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Green for go: UAE’s long-term plan for hydrogen

Suhail bin Mohammed Al Mazrouei, energy and infrastructure minister, said the hydrogen strategy would be a 'crucial tool' to help the UAE reach net zero by 2050 Wam
Suhail bin Mohammed Al Mazrouei, energy and infrastructure minister, said the hydrogen strategy would be a 'crucial tool' to help the UAE reach net zero by 2050
  • UAE aims to become ‘reliable producer and supplier by 2031’
  • Oman and Saudi Arabia also working on green hydrogen projects
  • Analysts believe GCC members can become major exporters of the fuel

The UAE has unveiled its national hydrogen strategy as analysts predict that GCC members can play a key role as exporters.

The blueprint for hydrogen is a “long-term plan to turn the UAE into a leading and reliable producer and supplier of low-carbon hydrogen by 2031”, according to Suhail bin Mohammed Al Mazrouei, minister of energy and infrastructure. 

It forms part of the updated national energy strategy, which was approved by the UAE cabinet in July. Al Mazrouei said the hydrogen plan would be “a crucial tool to help the UAE achieve its commitment to net zero by 2050″.

Sharif Al Olama, an under-secretary at the energy ministry, said the strategy included “tangible steps” to establish two hydrogen hubs and explore three more, which could create thousands of jobs.

Business consultancy Frost & Sullivan published a report in January, saying hydrogen “is expected to play a key role in decarbonising the economy across end-use sectors in the GCC.”

It added: “GCC countries, especially the UAE, Saudi Arabia and Oman, are working on national strategies aimed at developing the hydrogen market in the region and positioning themselves as future hydrogen exporters.”

Stuart Bolton, an associate at law firm Watson Farley & Williams (Middle East), predicted last year that the UAE would “seek to play a similar role in hydrogen as it has established in oil and gas and will seek to capitalise on its strategic geography, mature energy infrastructure and established trading markets to be as influential in this sector”.

Bolton believes the Emirati government “sees hydrogen more as a means of economic diversification, rather than a central part of its domestic green energy transition plan, which will be primarily met by solar power. The UAE will play an important role in exporting hydrogen to energy-hungry countries that lack the space or infrastructure.”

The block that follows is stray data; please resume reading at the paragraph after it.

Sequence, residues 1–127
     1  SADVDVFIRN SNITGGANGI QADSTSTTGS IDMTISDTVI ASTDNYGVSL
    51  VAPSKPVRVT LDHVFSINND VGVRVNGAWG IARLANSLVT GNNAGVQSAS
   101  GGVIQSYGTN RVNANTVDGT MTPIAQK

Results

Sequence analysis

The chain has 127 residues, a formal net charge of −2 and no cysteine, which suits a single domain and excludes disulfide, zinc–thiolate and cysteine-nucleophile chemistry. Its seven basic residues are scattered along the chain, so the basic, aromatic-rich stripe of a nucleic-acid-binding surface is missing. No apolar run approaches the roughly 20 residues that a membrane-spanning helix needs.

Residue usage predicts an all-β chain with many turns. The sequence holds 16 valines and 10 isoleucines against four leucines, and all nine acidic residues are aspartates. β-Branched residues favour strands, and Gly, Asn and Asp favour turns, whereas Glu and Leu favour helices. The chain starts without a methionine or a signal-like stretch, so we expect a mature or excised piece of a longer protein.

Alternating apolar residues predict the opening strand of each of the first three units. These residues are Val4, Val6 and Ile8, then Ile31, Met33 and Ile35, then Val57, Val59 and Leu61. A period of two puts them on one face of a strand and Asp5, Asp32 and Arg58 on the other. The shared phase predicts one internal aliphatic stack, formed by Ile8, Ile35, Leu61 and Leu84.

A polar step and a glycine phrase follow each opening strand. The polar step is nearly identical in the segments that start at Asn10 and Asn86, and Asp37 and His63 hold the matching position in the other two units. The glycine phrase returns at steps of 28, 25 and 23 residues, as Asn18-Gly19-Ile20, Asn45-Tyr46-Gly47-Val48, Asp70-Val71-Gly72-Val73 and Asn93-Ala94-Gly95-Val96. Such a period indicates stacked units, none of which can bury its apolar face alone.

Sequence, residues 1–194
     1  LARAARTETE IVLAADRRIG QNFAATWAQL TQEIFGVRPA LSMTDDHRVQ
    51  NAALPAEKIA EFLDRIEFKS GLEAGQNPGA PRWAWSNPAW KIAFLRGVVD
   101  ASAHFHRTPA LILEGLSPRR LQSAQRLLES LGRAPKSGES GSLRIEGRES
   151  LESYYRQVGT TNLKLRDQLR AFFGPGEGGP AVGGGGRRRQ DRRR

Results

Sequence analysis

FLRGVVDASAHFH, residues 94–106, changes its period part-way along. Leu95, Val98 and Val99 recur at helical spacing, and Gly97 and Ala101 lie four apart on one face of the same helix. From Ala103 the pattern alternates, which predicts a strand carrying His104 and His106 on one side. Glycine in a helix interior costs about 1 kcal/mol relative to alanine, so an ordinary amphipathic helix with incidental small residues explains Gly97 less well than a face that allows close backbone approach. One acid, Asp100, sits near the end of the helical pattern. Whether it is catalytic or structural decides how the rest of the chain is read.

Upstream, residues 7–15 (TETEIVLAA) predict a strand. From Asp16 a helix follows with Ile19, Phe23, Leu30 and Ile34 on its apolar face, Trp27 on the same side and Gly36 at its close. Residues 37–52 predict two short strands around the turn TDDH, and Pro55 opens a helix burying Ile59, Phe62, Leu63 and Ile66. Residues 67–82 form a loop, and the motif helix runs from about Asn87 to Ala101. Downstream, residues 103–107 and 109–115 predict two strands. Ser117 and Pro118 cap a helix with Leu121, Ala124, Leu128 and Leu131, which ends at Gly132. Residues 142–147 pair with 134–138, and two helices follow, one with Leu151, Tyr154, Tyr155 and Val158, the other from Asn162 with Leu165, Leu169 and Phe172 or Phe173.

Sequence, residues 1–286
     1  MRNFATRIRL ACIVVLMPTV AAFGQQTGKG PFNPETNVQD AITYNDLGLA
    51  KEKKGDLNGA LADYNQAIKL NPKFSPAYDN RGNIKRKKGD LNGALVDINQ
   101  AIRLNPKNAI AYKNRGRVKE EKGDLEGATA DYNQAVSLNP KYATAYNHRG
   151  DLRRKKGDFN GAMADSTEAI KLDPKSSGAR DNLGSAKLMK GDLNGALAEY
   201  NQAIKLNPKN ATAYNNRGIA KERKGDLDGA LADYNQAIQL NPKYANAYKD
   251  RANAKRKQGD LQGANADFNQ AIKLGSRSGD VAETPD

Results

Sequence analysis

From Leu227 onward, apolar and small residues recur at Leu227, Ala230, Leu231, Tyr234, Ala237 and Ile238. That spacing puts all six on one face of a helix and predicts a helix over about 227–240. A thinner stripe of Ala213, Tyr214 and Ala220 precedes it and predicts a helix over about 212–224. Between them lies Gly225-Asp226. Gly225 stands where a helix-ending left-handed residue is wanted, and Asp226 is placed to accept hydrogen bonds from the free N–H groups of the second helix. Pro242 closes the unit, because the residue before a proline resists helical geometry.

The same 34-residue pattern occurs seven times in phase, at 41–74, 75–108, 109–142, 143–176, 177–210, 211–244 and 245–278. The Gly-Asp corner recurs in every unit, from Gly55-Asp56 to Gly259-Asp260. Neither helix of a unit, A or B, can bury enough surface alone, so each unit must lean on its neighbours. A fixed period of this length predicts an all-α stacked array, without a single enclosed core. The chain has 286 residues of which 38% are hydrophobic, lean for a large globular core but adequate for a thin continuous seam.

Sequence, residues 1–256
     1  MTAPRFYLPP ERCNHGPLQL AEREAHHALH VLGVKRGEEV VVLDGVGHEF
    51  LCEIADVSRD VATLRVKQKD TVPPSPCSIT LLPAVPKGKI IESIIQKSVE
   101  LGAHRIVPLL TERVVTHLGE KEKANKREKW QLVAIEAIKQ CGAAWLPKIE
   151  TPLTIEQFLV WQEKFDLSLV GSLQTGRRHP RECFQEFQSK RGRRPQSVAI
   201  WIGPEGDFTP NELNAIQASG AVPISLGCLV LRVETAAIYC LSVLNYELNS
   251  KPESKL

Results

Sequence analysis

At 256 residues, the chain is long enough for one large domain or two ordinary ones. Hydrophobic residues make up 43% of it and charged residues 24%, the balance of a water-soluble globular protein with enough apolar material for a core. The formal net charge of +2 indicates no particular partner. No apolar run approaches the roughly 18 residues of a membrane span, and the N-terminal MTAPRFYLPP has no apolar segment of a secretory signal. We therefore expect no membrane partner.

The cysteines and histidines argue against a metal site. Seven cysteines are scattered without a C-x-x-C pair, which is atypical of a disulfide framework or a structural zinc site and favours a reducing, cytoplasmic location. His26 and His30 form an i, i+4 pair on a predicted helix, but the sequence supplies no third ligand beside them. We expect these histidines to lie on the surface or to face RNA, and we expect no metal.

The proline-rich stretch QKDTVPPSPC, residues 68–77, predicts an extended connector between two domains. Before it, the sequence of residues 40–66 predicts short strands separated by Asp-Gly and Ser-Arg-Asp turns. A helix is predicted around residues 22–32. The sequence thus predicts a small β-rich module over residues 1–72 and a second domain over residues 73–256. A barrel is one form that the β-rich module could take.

Oman, meanwhile, is on track to become the sixth-largest hydrogen exporter in the world and the largest in the Middle East by 2030, according to the International Energy Agency.

The sultanate aims to produce at least 1 million tonnes of renewable hydrogen a year by the end of the decade, up to 3.75 million tonnes by 2040 and up to 8.5 million tonnes by 2050.

Hydrom, a subsidiary of state-owned Energy Development Oman, signed agreements worth $10 billion to develop two green hydrogen projects in June.

In Saudi Arabia, around $8.5 billion is being invested to build the world’s largest production facility for green hydrogen – hydrogen that is produced on a CO2-neutral basis through the electrolysis of water.

The Neom Green Hydrogen Project is being developed by Neom Green Hydrogen Company, a joint venture between Acwa Power, Air Products and Neom. It is expected that the plant will start producing green hydrogen from 100 percent renewable energy sources in 2026. 

The global hydrogen production market was valued at $130 billion in 2021, according to the World Bank, and is estimated to grow by up to 9.2 percent per year through 2030.

GCC members have several competitive advantages that could help them in the global green hydrogen economy, including their solar and wind resources, financial muscle and export networks.

While the UAE, Saudi Arabia and Oman are making significant moves, Qatar is continuing to focus on LNG and overseas production of blue hydrogen. Kuwait and Bahrain remain cautious and are sticking to investments and feasibility studies.

The hydrogen rainbow

  • Green hydrogen is the term used to describe hydrogen that is produced on a CO2-neutral basis through the electrolysis of water.
  • Turquoise hydrogen is created by a thermal process in which natural gas is broken down with the help of methane pyrolysis into hydrogen and solid carbon.
  • Blue hydrogen is generated from the steam reduction of natural gas.
  • Grey hydrogen is obtained by steam reforming fossil fuels such as natural gas or coal.
  • Sometimes other colours are ascribed to hydrogen, based on how it is produced. For red, pink and violet hydrogen, the electrolysers are driven by nuclear power.
  • Yellow hydrogen refers to hydrogen production from a mixture of renewable energies and fossil fuels.
  • Hydrogen that is merely a waste product of other chemical processes is referred to as white hydrogen, while the use of coal as a fuel produces brown hydrogen.

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